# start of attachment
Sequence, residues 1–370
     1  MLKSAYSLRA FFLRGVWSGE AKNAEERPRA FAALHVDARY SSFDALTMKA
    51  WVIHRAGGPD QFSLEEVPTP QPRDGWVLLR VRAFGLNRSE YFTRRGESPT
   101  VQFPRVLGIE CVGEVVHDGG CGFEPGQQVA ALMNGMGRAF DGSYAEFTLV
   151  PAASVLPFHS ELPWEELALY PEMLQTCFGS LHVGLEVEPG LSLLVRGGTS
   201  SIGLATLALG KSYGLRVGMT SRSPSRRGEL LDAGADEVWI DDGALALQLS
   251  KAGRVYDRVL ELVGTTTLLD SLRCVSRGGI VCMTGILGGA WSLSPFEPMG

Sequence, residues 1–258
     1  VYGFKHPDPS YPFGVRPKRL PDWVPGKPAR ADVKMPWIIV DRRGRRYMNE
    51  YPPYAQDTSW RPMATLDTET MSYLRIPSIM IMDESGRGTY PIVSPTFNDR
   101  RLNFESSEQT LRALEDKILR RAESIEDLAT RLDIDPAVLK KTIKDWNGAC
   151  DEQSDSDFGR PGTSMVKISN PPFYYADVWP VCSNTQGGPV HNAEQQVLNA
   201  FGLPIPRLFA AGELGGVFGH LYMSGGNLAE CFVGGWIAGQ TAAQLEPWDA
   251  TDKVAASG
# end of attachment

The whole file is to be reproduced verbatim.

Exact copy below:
Sequence, residues 1–370
     1  MLKSAYSLRA FFLRGVWSGE AKNAEERPRA FAALHVDARY SSFDALTMKA
    51  WVIHRAGGPD QFSLEEVPTP QPRDGWVLLR VRAFGLNRSE YFTRRGESPT
   101  VQFPRVLGIE CVGEVVHDGG CGFEPGQQVA ALMNGMGRAF DGSYAEFTLV
   151  PAASVLPFHS ELPWEELALY PEMLQTCFGS LHVGLEVEPG LSLLVRGGTS
   201  SIGLATLALG KSYGLRVGMT SRSPSRRGEL LDAGADEVWI DDGALALQLS
   251  KAGRVYDRVL ELVGTTTLLD SLRCVSRGGI VCMTGILGGA WSLSPFEPMG

Sequence, residues 1–258
     1  VYGFKHPDPS YPFGVRPKRL PDWVPGKPAR ADVKMPWIIV DRRGRRYMNE
    51  YPPYAQDTSW RPMATLDTET MSYLRIPSIM IMDESGRGTY PIVSPTFNDR
   101  RLNFESSEQT LRALEDKILR RAESIEDLAT RLDIDPAVLK KTIKDWNGAC
   151  DEQSDSDFGR PGTSMVKISN PPFYYADVWP VCSNTQGGPV HNAEQQVLNA
   201  FGLPIPRLFA AGELGGVFGH LYMSGGNLAE CFVGGWIAGQ TAAQLEPWDA
   251  TDKVAASG